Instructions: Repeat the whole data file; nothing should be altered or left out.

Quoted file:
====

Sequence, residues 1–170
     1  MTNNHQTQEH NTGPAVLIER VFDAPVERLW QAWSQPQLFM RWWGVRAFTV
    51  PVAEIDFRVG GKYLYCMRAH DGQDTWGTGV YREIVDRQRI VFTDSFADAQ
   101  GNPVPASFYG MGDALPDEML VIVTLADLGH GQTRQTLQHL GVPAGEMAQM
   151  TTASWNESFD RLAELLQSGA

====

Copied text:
Sequence, residues 1–170
     1  MTNNHQTQEH NTGPAVLIER VFDAPVERLW QAWSQPQLFM RWWGVRAFTV
    51  PVAEIDFRVG GKYLYCMRAH DGQDTWGTGV YREIVDRQRI VFTDSFADAQ
   101  GNPVPASFYG MGDALPDEML VIVTLADLGH GQTRQTLQHL GVPAGEMAQM
   151  TTASWNESFD RLAELLQSGA